• Nice to see some creativity and diversity in law firm websites. You wouldn’t think they’d be that creative and original.

  • As someone who is building a law site now and we’re in the design phase, I disagree with other commenters – given conservative nature of the legal world, I was pleasantly surprised to find 3 sites in this list of 10 that had good design and some modern features. It may be hard to convince my client to go with something even as creative as those, but we’re going to try to push him in the right direction.

    That said, as someone else pointed out, if you think there’s “nothing to see here”, then please point out sites that were not here but should be. I for one am anxious to see more interesting concepts in this field, design/coding that are dynamic, use modern technology such as Ajax, JQuery etc, look good and yet remain in the world legal people can accept.

    FYI in case you’re interested, the 3 I passed on to my designer were:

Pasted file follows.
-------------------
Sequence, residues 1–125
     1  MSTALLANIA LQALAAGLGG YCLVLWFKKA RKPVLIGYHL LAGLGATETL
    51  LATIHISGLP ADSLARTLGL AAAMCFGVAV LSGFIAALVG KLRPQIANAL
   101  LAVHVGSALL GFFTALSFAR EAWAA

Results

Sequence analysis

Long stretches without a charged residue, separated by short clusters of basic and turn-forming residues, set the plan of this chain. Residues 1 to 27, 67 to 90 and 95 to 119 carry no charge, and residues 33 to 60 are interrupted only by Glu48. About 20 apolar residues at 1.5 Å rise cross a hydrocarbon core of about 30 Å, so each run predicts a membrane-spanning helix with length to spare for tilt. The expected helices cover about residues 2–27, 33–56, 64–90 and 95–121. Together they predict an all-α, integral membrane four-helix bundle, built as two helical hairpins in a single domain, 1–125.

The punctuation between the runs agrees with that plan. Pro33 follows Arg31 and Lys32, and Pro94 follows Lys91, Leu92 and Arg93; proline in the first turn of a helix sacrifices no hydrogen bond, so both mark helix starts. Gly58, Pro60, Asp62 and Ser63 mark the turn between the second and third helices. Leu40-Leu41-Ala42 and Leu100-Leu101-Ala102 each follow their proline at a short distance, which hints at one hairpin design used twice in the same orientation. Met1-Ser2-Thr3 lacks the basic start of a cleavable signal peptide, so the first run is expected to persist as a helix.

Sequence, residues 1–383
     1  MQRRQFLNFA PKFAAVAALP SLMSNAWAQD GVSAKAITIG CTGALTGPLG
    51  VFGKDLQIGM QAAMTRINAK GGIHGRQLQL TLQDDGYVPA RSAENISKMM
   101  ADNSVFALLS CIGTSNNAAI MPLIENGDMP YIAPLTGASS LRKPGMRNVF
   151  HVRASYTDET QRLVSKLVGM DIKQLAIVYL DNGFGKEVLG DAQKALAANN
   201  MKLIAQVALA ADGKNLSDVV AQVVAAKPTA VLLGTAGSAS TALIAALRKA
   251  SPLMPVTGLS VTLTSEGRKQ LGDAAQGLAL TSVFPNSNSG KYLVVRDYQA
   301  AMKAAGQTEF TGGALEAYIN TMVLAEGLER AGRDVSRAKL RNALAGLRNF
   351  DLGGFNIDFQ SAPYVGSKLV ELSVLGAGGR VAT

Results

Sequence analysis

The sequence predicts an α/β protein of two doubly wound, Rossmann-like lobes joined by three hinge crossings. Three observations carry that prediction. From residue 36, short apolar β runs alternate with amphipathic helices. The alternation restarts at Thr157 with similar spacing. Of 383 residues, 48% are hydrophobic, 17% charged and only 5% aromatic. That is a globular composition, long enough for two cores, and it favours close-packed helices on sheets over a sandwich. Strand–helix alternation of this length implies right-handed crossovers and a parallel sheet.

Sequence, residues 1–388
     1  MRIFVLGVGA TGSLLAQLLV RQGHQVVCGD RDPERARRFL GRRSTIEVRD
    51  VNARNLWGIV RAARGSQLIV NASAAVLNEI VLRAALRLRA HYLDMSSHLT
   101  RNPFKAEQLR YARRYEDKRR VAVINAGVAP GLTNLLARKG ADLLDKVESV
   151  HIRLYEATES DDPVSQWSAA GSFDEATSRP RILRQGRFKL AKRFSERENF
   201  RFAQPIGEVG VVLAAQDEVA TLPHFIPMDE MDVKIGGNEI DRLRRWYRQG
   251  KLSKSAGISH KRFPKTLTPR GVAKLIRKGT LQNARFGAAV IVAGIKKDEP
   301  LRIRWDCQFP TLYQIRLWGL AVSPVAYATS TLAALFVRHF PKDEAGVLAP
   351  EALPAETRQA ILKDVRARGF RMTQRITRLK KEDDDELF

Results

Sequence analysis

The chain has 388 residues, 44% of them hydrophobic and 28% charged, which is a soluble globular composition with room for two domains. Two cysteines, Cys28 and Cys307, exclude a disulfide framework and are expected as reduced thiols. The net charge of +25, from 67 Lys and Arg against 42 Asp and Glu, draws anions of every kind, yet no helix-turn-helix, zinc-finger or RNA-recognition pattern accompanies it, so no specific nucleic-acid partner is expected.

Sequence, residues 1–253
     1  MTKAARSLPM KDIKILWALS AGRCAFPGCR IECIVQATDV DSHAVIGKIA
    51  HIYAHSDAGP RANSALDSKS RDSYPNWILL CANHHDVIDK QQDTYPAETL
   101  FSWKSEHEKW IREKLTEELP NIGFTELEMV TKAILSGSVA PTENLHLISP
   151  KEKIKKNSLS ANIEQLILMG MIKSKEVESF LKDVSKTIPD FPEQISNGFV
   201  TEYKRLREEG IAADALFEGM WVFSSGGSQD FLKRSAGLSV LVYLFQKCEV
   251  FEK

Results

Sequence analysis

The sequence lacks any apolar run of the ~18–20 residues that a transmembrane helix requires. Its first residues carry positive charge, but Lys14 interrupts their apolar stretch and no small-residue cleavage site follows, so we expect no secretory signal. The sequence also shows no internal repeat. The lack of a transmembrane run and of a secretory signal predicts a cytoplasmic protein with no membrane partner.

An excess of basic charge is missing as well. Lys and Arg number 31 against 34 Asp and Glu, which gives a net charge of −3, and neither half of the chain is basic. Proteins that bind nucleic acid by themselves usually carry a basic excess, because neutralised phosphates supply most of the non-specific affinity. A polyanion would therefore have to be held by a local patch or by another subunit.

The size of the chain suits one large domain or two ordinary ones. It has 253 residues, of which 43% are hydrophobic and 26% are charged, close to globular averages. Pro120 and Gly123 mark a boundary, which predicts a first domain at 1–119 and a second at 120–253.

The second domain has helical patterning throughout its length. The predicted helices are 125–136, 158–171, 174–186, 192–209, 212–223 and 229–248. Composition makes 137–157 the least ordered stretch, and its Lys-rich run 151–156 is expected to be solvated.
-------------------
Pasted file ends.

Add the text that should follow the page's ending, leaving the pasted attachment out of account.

• Matthew Dimmett

    Even though nominations have already happened, I’d like to add Lewis Law LLC to the mix. It’s HTML, CSS and JavaScript based as well as being responsive for mobile users.

  • tina

    Wonderful websites – except glaring grammatical error on the Wallack site – it’s “representing those WHO need it most” rather than “those THAT.”

  • Jenna Banks

    These sites are nice overall. Clean & polished. I don’t know if I would say they are the BEST of the year. The design of a site also has to do with the client needs and goals so I guess we shouldn’t really be judging….i just feel like the call to action is missing. They are nicely designed but they don’t necessarily make me WANT to do pick up my phone and call them.

    Websites can be beautiful but if they aren’t built with sales and marketing in mind it wont matter.

    Jenna Banks